I’m not suggesting that, to get away from cleaning your house from top to bottom, that you actually move to a new one - but this time of year does make people think about pastures new. If any of your friends or family have recently moved home, there’s no more thoughtful a gift than a housewarming present - something practical, particular to the home and one that shows you’re congratulating them on their change of aspect.
It’s a brave person (or perhaps a wealthy one) who decides to move during a recession, but on the plus side, as a buyer, you’re bound to see loads of bargains on the market. There may be a house that’s been one you’ve hankered after, but was just out of reach of your price bracket - but that has now been reduced to one you can afford. The downside is, of course, that if their house has been to reduced to an absolute bargain, the chances are you’ve had to reduce yours to sell too. Swings and roundabouts, no?
But people do move all the time; some have reason - perhaps their old house was not big enough and recent family additions have forced the move to a larger home. Maybe they’ve gone the other way - older couples, whose offspring have long since left home now want to have a smaller home, less cleaning and a healthier bank balance, and therefore want to downsize. It’s moves like this that keep the property market buoyant!
For a relative or friend who has downsized, it can be hard to think of an appropriate gift that may not clutter up the place - after all, they’ve more than likely had to get rid of furniture and possessions to move at all. Perhaps some pretty storage boxes or something like this would be welcome:
A beautiful addition to any bedroom, it would give a female friend or relative a practical yet attractive place to store their jewellery. It can also be personalised; why not add the date of their move? I’ve forgotten what date I moved into my current home (I can vaguely remember the year) and I would appreciate something that would tell me exactly when my life started in my current abode. Maybe that’s just me.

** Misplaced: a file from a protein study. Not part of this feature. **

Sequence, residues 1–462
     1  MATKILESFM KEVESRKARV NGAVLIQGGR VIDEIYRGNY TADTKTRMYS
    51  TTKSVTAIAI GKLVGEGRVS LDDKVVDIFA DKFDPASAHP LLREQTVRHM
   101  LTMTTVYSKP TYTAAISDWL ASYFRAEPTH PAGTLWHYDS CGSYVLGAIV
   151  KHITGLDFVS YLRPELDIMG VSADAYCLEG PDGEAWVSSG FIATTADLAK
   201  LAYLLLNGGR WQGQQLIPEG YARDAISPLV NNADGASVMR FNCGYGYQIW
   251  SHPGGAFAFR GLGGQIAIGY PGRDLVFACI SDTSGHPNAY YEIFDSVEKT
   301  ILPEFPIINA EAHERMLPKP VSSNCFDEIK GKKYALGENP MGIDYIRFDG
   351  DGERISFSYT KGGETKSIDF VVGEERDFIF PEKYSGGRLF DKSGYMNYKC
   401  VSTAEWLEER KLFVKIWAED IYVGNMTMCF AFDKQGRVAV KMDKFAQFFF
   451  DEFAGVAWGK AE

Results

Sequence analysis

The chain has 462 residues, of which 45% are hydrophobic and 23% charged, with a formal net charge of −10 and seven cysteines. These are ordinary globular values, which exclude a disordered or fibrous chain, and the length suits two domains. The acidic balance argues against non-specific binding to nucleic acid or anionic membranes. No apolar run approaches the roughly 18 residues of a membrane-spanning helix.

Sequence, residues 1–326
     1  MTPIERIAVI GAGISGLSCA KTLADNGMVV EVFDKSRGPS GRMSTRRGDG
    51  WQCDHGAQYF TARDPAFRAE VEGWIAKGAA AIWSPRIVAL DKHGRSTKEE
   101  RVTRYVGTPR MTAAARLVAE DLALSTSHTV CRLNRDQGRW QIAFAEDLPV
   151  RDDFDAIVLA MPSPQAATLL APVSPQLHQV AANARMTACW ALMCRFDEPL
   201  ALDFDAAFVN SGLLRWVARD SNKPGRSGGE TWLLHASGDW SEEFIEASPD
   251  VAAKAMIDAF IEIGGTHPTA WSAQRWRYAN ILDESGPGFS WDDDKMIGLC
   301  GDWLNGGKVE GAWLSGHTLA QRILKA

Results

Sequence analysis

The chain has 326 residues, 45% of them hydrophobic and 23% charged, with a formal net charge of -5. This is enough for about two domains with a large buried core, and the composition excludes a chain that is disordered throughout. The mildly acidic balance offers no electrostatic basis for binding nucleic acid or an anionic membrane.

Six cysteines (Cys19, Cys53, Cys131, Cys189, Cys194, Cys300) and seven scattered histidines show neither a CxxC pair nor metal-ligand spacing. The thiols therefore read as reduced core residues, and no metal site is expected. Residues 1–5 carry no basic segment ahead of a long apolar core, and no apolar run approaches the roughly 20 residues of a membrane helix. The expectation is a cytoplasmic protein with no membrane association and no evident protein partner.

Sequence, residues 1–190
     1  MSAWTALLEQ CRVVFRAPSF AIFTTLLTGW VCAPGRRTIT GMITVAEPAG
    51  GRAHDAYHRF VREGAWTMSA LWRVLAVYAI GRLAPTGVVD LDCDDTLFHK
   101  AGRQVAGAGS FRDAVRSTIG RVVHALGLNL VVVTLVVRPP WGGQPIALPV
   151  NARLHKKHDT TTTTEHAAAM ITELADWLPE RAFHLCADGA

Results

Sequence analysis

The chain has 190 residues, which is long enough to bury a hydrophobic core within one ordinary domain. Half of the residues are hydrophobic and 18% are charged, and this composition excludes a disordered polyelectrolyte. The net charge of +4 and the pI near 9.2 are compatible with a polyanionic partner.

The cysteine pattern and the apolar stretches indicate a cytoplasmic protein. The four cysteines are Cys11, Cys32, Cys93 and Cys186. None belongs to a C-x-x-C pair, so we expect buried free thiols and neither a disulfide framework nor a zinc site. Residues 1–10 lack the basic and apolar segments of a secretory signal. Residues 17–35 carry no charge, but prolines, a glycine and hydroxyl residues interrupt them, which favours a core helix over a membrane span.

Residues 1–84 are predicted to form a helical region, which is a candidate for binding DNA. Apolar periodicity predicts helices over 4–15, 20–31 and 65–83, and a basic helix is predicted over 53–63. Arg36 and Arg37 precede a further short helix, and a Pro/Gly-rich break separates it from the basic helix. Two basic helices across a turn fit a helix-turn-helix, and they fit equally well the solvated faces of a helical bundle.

You can also understand that there’s lots of renovation to do with any house newly bought. Even those that say ‘you can move in straight away, there’s nothing to do’, will still have something that’s not exactly to your taste and that you may want to change. Perhaps this may not be in the house at all, but in the garden. Therefore, another great housewarming gift would be some gardening tools, some potted plants or perhaps this:
This is really a very personal gift - because the seeds inside belong to no one but the recipient. They get to name them, to record the variety as their own and the seeds to plant in their own garden. There’s no better way to put your own stamp on a new (to you) property than having YOUR roses in the back yard!
Personalised photo frames and other ornaments are also great housewarming gifts - particularly for families that are moving to a bigger house and may have loads more window-sills, cabinets and bookshelves to fill. Vases to carry ‘Happy New Home’ flowers, keyholders, remote control tidys, magazine racks - there are so many practical but pleasing gifts available, you’ll be spoilt for choice.
I may never move home - I doubt I’ll ever be able to afford a house bigger than the one I’m in (unless that lottery win decides to come my way) nor am I at the stage of downsizing with two kids running around the place. Therefore, it’s nice to be able to share other people’s move up or down the housing ‘ladder’.
Helping out with their move, babysitting, or even more gardening are also great things to offer a house-mover. They’ll be appreciated, yes, but you can’t hang help on a wall or stand it on the mantelpiece. Offer your help anyway, but also give your loved ones a little something that will make them smile, once the boxes have been unpacked and the decorating is finally finished!